How to measure PCB copper thickness?

Thread Starter

AlbertHall

Joined Jun 4, 2014
12,384
I just tried to make a PCB on my CNC but the V-Tool (0.1mm, 60°) did not cut all the way through the copper so the tracks were not isolated. I think that is because this particular board has a thicker copper layer than I am used to.

In future I will carefully note the coppeer thickness when I am buying PCB material.

For the boards which I already have, is there a good way to measure the thickness of the copper layer?
 

Ervin2022

Joined Mar 30, 2022
18
Hi
I can suggest, from the top of my head, two options to measure the copper thickness on your existing boards:
  1. To use an NDT (Non destructive) measuring apparatus, based on eddy currents. There are quite simple devices, used by the PCB manufacturers.
  2. To cut the corner of the board, microsection it and measure copper thickness under microscope.

Good luck,
Ervin
 

Thread Starter

AlbertHall

Joined Jun 4, 2014
12,384
I don't have the equipment to that.
Note that I only need to know whether it is 0.5oz, 1oz, 1.5oz, 2oz, etc.
How about if I make an LC oscillator using a flat coil. I place the coil on the copper and see how much the frequency changes?
 

crutschow

Joined Mar 14, 2008
34,680
is there a good way to measure the thickness of the copper layer?
You could pass a large current from one side of the copper plane to the other, and measure the voltage drop (using separate probes).
From that you should be able to calculate the resistance, based upon the size/shape of the plane, and from that, its thickness.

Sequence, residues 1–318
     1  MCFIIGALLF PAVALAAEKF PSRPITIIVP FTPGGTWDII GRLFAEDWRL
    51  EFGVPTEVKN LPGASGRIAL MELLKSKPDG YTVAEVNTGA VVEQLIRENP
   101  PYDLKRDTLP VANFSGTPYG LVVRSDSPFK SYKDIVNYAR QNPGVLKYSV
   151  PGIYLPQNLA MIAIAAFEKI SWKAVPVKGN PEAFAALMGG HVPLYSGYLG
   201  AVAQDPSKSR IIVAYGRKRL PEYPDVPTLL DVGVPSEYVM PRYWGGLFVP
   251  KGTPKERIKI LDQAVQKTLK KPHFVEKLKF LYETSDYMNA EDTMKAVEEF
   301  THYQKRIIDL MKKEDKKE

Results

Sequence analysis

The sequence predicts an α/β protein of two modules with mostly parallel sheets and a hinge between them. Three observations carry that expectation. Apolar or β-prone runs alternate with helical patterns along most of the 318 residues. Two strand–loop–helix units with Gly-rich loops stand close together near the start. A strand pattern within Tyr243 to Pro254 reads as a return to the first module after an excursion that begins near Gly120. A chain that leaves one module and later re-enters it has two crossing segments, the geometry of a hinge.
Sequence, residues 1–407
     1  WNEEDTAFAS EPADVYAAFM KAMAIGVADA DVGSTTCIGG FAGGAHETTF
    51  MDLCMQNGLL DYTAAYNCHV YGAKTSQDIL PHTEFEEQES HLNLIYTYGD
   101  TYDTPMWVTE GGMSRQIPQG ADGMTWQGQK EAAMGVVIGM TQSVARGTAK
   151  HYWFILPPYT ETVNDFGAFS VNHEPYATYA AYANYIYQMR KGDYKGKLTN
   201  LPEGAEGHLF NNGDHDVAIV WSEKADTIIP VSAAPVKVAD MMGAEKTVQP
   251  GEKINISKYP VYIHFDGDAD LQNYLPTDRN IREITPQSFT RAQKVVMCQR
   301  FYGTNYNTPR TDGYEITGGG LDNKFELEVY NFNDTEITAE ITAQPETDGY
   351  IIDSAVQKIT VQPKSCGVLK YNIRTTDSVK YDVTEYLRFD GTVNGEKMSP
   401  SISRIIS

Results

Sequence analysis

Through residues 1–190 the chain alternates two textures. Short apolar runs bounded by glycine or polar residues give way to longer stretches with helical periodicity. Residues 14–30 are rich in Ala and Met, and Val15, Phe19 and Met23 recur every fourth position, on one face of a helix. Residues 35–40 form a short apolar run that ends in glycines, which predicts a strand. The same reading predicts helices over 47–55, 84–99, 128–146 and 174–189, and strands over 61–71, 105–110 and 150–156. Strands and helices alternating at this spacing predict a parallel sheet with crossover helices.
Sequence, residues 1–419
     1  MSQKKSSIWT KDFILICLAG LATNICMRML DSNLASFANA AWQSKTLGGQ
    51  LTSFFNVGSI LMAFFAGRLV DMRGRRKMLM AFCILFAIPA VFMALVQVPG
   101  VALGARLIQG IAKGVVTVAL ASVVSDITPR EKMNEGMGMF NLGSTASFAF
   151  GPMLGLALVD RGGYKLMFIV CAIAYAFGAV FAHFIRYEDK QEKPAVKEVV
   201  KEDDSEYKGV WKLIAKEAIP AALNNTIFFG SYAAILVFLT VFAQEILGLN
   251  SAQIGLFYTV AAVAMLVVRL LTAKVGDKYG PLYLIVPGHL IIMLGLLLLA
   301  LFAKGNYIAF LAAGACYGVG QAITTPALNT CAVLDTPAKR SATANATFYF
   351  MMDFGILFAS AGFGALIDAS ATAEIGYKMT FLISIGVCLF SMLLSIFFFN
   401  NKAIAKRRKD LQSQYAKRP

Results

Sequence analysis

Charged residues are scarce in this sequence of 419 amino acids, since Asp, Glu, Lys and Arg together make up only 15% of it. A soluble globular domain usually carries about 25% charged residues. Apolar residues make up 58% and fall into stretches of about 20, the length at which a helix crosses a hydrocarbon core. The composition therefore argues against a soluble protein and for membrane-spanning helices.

Thread Starter

AlbertHall

Joined Jun 4, 2014
12,384
You could pass a large current from one side of the copper plane to the other, and measure the voltage drop (using separate probes).
From that you should be able to calculate the resistance, based upon the size/shape of the plane, and from that, its thickness.
I considered that but I could not find a formula for the resistance corner to corner or side to side (unless it is the whole side connected).
That calculation is well beyond my maths/calculus abilities
 

Thread Starter

AlbertHall

Joined Jun 4, 2014
12,384
I think I have found a solution to this problem:

" Four point probe is used to measure resistive properties of semiconductor wafers and thin films. If the thickness of a thin film is known, the sheet resistance measured by four point probe can be used to calculate the resistivity of the material; conversely, if the material's resistivity is known, the thickness of the thin film can be calculated. "

https://lnf-wiki.eecs.umich.edu/wiki/Four_point_probe
 

ronsimpson

Joined Oct 7, 2019
3,131
I use calipers but it is not real accurate but just I can see it is 1oz or 2 oz or 0.5.
I think you CNC machine is the tool to use. Increase the cut depth by 25% and rout a small area again and keep changing the number until you see fiberglass. You don't care the thickness; you just want to cut through.
 

liaifat85

Joined Sep 12, 2023
51
Here are some suggestions regarding the measurement of PCB copper thickness: https://forum.allaboutcircuits.com/threads/determining-copper-thickness-on-pcbs.78313/ These suggestions include etching, Van der Pauw's method, using eddy current scope etc. The copper thickness on a PCB is typically measured in ounces (oz) and refers to the weight of copper per square foot. The most common copper thickness is 1oz copper thickness and 2oz copper thickness, and occasionally 0.5 oz (0.7 mils) for low-current applications. You can know more about standard PCB thickness here: https://www.nextpcb.com/blog/what-is-standard-pcb-thickness
 

ronsimpson

Joined Oct 7, 2019
3,131
I am surprised that the board thickness is consistent enough to allow that.
Do not measure the thinness of the PCB, just the thickness of the copper. Use the depth measuring end. Set the body of the calipers on the PCB where there is lots of copper. Push the post down in an area with no copper.
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